In a previous blog we discussed how grade-level benchmarks are used to direct students into intervention, and that meeting a benchmark could mean that they leave small group instruction. Your child’s percentile rank will tell you how he performs in comparison to other students in his grade. For example, if the benchmark measures reading fluency, and your student is at the 25th percentile, what does that tell you? That number does not mean that he obtained a score of 25% on the measure. The 25th percentile means that your child did better than 25% of his peers on the curriculum-based measure of reading fluency. You may wonder if that is a secure place to be, in terms of reading skill. The 25th percentile is the beginning of the average range, and the 75th percentile is the very top of the average range on any test, including the ACT, IOWA or Key Math Test.

Let’s say your 2nd grader was assessed using a curriculum-based measure of Reading Fluency in the fall, and was at the 25th percentile. A good question for the teacher would be, “What score will my daughter need to achieve in order to stay at the 25th percentile on the winter assessment?” In order to remain at the beginning of the average range, your daughter will need to read more words correctly when assessed in the winter. If she had to read 59 words correctly in the fall, in the winter she may need to read 84 words to stay at the 25th percentile. Her speed and/or accuracy will need to increase to stay at the beginning of the average range. We expect that student performance will continue to improve, but the percentile rank may remain the same because the performance of peers is also improving. As parents, we expect that the result of instruction will be improvement!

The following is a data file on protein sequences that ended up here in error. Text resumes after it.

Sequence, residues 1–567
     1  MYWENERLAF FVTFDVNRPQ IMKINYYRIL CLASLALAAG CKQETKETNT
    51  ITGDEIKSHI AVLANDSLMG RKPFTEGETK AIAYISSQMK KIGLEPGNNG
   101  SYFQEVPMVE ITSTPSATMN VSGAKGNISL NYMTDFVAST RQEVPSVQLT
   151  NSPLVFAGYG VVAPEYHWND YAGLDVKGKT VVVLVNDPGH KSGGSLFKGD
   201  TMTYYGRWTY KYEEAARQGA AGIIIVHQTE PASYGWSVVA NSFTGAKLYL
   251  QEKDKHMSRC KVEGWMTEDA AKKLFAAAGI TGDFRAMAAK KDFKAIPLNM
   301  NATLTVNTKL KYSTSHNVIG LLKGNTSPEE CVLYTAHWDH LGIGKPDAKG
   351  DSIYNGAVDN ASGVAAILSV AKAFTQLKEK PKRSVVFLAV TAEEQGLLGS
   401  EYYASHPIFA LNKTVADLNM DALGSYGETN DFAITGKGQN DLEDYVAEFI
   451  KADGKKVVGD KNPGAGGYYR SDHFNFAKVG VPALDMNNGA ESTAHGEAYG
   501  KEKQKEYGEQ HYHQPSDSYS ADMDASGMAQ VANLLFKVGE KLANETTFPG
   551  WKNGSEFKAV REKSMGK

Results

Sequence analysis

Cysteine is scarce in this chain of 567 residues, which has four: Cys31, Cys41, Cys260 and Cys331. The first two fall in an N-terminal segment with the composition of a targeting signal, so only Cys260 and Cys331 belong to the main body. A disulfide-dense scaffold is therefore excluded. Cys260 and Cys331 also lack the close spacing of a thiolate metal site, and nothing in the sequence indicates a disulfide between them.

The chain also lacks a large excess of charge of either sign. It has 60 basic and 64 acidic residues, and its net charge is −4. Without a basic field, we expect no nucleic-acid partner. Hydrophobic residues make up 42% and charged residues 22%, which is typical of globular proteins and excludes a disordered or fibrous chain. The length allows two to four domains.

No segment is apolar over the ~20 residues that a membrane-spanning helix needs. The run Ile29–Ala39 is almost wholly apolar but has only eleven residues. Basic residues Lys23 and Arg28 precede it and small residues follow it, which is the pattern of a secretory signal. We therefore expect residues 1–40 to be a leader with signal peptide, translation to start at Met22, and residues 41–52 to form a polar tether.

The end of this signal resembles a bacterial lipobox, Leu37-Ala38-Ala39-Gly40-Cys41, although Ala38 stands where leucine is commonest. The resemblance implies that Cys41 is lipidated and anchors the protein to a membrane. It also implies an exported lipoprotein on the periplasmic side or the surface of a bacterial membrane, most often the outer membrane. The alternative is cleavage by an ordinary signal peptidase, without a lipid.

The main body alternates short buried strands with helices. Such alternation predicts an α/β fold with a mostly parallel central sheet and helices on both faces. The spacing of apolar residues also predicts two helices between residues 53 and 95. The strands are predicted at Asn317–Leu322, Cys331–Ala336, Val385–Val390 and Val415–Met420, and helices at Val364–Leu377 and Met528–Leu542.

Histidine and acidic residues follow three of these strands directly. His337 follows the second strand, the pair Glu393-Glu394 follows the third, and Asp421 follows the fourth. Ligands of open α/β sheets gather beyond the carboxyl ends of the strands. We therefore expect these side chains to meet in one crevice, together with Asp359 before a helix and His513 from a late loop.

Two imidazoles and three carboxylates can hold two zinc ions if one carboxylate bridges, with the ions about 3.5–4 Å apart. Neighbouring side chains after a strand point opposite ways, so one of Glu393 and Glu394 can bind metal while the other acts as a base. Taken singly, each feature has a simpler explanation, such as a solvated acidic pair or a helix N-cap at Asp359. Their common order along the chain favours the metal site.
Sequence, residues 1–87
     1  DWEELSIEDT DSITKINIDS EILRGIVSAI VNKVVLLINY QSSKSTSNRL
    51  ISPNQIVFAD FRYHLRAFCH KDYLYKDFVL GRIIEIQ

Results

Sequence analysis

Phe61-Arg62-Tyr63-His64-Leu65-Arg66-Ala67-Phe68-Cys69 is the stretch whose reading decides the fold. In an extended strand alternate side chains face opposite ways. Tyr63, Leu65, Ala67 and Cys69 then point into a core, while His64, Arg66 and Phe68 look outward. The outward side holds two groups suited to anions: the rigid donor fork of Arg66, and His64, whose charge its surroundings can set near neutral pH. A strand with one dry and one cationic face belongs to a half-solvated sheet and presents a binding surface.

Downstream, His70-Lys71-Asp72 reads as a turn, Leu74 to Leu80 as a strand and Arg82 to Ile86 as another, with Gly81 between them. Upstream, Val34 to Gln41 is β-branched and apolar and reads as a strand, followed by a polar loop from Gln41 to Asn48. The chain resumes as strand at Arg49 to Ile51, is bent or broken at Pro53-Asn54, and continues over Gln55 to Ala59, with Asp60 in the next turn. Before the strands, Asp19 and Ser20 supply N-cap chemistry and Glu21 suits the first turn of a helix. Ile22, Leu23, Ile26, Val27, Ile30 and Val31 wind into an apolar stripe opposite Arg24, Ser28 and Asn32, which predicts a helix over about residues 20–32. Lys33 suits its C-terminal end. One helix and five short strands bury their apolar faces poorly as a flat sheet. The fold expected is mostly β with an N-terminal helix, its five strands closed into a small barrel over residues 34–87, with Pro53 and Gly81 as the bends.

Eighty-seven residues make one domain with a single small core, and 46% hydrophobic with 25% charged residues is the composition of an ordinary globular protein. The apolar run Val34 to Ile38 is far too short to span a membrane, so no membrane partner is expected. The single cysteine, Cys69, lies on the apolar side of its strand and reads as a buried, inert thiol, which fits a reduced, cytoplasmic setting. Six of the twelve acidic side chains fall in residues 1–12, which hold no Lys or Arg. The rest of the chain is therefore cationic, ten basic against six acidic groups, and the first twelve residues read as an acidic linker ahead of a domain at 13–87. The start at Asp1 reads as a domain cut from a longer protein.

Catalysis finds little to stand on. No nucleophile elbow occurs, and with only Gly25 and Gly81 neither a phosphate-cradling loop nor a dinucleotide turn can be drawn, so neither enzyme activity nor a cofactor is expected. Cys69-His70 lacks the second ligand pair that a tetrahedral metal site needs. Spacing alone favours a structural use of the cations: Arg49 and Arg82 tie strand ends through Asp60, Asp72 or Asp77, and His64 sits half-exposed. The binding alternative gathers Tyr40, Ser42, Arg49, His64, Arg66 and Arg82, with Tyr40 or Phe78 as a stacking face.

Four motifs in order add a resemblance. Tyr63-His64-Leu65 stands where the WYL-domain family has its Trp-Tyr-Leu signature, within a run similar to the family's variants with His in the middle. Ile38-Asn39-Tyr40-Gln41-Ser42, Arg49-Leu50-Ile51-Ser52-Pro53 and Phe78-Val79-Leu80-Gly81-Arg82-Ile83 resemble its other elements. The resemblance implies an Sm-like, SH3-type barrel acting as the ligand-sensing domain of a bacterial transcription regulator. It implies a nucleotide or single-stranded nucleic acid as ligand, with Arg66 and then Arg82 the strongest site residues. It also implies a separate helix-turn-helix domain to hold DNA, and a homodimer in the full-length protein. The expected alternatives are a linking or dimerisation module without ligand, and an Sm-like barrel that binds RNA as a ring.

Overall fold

Realistically, the beginning of the average range may not reflect secure skills in the area of assessment. It would be ideal for a child to rank closer to the 50th percentile, in the middle of the peer group. If you have a child in the low end of average, your school may indicate that intervention will not be offered because his score was an average one.

A child at the low end of the average range would benefit from additional practice in the area that was assessed, be it reading or math calculation. By no standard could it be said that the student is “disabled” or qualifies for Special Education. As a parent, however, you want your child to feel confident in his skills, whether reading unfamiliar words or working on subtraction problems. Ask the teacher for suggestions on how to support your child’s progress in reading or math. Communicate that you understand that the student’s score is average, but you want to encourage continued growth. 

Blogger Mary Ann Mulcahey, PhD, shares her expertise in assessment and diagnosis of learning disabilities and ADHD, and the social/emotional adjustment to those issues. If you have questions, please contact Mary Ann at mmulcahey@springer-ld.org.

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